Chapter 10: Persuasion
- Determine the structure of persuasion in writing
- Apply a formula for a classic persuasive argument
Writing a Persuasive Essay
You first need to choose a topic that you feel passionate about. If your instructor requires you to write about a specific topic, approach the subject from an angle that interests you. Begin your essay with an engaging introduction. Your thesis should typically appear somewhere in your introduction.
Next, need to acknowledge and explain points of view that may conflict with your own to build credibility and trust with your audience. You also should state the limits of your argument. This helps you sound more reasonable and honest to those who may naturally be inclined to disagree with your view. By respectfully acknowledging opposing arguments and conceding limitations to your own view, you set a measured and responsible tone for the essay.
Be sure to make your appeals in support of your thesis by using sound, credible evidence. Use a balance of facts and opinions from a wide range of sources, such as scientific studies, expert testimony, statistics, and personal anecdotes. Each piece of evidence should be fully explained and clearly stated. Also, write in a style and tone that is appropriate for your subject and audience. Tailor your language and word choice to these two factors, while still being true to your own voice. Finally, write a conclusion that effectively summarizes the main argument and reinforces your thesis.
Structuring a Persuasive Essay
The formula below for organizing a persuasive essay may be one with which you are familiar. It will present a convincing argument to your reader because your discussion is well rounded and thorough, and you leave your audience with your point of view at the end. Remember to consider each of these components in this formulaas sections instead of paragraphs because you will probably want to discuss multiple ideas backing up your point of view to make it more convincing.
When writing a persuasive essay, it is best to begin with the most important point because it immediately captivates your readers and compels them to continue reading. For example, if you were supporting your thesis that homework is detrimental to the education of high school students, you would want to present your most convincing argument first, and then move on to the less important points for your case.
Some key transitional words you should use with this method of organization are: most importantly, almost as importantly, just as importantly, and finally.
The Formula You will need to come up with objection points, but you will also need to think of direct rebuttals to each of those ideas. Remember to consult your outline as you are writing because you may need to double-check that you have countered each of the possible opposing ideas you presented.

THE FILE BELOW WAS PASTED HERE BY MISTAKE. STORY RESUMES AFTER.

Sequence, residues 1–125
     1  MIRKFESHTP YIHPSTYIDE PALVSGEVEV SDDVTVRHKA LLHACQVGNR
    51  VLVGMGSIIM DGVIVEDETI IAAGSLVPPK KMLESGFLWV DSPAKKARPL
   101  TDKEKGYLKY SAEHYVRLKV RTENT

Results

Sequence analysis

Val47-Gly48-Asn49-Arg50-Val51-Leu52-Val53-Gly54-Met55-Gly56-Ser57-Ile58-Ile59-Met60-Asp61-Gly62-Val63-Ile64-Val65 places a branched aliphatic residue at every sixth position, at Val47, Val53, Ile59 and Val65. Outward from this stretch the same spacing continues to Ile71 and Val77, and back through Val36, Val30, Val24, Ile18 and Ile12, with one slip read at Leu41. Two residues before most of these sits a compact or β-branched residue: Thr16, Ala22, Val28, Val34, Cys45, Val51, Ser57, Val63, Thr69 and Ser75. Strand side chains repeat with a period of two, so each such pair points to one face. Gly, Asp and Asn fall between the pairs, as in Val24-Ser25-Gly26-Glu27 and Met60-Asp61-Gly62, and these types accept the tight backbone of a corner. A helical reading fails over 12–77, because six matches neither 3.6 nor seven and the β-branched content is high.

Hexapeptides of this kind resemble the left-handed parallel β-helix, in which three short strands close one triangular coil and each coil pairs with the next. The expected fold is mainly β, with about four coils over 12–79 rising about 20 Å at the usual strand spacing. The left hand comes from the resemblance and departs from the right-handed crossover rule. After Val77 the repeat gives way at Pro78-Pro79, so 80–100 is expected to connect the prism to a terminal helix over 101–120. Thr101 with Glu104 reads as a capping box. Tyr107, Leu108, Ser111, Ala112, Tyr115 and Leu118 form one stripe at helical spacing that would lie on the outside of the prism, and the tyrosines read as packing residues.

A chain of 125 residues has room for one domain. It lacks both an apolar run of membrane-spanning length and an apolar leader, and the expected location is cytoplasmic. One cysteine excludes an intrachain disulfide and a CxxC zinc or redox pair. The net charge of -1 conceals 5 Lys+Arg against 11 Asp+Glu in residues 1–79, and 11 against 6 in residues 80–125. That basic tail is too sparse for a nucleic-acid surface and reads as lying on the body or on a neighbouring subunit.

Section 1: Introduction
- Attention getter
- Thesis (showing main and controlling ideas)
- Signposts (make sure you outline the structure your argument will follow: Pros Cons/Pros)
Section 2: (Multiple) Ideas in Support of Claim
- Give a topic sentence introducing the point (showing main and controlling ideas)
- Give explanations + evidence on first point
- Make concluding statement summarizing point discussion (possibly transitioning to next supporting idea)
- Repeat with multiple ideas in separate paragraphs
Section 3: Summary of (Some) Opposing Views
- Give topic sentence explaining this paragraph will be opposing points of view to provide thorough, convincing argument
- Present general summary of some opposing ideas
- Present some generalized evidence
- Provide brief concluding sentence for paragraph—transitioning into next rebuttal paragraph
Section 4: Response to Opposing Views
- Give topic sentence explaining this paragraph/section connects to or expands on previous paragraph
- [may recognize validity of some of points] then need to present how your ideas are stronger
- Present evidence directly countering/refutingideas mentioned in previous section
- Give concluding statement summarizing the countering arguments
Section 5: Conclusion
- Restate your thesis
- Summarize your discussion points
- Leave the reader with a strong impression; do not waiver here
- May provide a “call for action”
Tip: In a persuasive essay, the writer’s point of view should be clearly expressed at the beginning of each paragraph in the topic sentence, which should contain the main idea of the paragraph and the writer’s controlling idea.